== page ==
Joined
    Aug 2006
    Posts
    18,605
    Thanks
    1574
    Awards
    1

    Re: Question About Test Points

    Quote Originally Posted by Past45 View Post
    it's the second one.
    On what intervals do both numerator and denominator have same sign?
    Follow Math Help Forum on Facebook and Google+

  5. #5
    Junior Member
    Joined
    Mar 2012
    From
    LA
    Posts
    68

    Re: Question About Test Points

    Not too sure, I am looking through my book and I do not have a similar problem like that(nor do my notes show a problem with the numerator and denominator with the same symbols), I am going to assume I wrote it wrong the denominator is suppose to be x+5.

    So that would make the interval notation be (-∞,-7]U[5,∞)

    Quote Originally Posted by Plato View Post
    On what intervals do both numerator and denominator have same sign?
    Last edited by Past45; April 3rd 2012 at 01:51 PM.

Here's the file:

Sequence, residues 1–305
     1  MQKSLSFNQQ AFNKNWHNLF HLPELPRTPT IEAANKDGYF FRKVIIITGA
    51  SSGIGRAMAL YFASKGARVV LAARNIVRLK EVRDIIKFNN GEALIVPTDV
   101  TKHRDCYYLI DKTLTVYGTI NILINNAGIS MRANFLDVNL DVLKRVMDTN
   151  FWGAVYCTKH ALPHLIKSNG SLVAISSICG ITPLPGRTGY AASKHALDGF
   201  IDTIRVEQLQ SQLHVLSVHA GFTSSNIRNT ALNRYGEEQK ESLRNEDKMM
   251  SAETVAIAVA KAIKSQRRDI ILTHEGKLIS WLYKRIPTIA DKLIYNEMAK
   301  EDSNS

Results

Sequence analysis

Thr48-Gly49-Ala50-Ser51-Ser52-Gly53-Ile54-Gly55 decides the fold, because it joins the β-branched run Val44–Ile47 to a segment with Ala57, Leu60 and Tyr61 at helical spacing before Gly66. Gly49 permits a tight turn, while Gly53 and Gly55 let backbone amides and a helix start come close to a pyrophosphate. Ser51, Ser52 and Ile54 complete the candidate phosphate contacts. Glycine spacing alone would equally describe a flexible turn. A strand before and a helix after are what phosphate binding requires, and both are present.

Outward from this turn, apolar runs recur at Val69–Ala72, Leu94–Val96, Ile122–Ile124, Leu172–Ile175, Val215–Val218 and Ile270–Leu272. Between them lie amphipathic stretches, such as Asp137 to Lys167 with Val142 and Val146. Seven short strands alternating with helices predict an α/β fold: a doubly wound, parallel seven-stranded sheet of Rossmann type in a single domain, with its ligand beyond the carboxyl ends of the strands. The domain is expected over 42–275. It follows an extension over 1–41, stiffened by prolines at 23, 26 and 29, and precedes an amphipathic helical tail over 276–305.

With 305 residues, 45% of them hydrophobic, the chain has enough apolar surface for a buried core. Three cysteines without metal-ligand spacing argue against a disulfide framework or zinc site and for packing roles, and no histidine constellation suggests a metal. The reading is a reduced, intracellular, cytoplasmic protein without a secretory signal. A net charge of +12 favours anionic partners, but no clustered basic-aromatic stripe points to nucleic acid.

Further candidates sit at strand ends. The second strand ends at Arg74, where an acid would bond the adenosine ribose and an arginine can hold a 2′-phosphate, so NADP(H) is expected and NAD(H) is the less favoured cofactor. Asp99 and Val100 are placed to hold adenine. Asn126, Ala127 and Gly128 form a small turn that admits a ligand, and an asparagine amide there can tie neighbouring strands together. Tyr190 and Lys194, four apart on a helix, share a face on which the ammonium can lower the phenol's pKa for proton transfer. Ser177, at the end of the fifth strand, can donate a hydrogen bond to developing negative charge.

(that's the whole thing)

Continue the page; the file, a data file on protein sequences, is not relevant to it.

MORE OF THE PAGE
Follow Math Help Forum on Facebook and Google+

  6. #6
    MHF Contributor
    skeeter's Avatar
    Joined
    Jun 2008
    From
    North Texas
    Posts
    11,621
    Thanks
    426

    Re: Question About Test Points

    \frac{x-5}{x-7} \ge 0

    critical values are x = 5 and x = 7

    test a single value in the each of the following intervals ...

    (-\infty,5]

    [5,7)

    (7,\infty)

    since the function is continuous in each interval, if one value in the interval makes the inequality true, then all values in that interval will likewise.
    Thanks from Past45
    Follow Math Help Forum on Facebook and Google+

  7. #7
    MHF Contributor

    Joined
    Aug 2006
    Posts
    18,605
    Thanks
    1574
    Awards
    1

    Re: Question About Test Points

    Quote Originally Posted by Plato View Post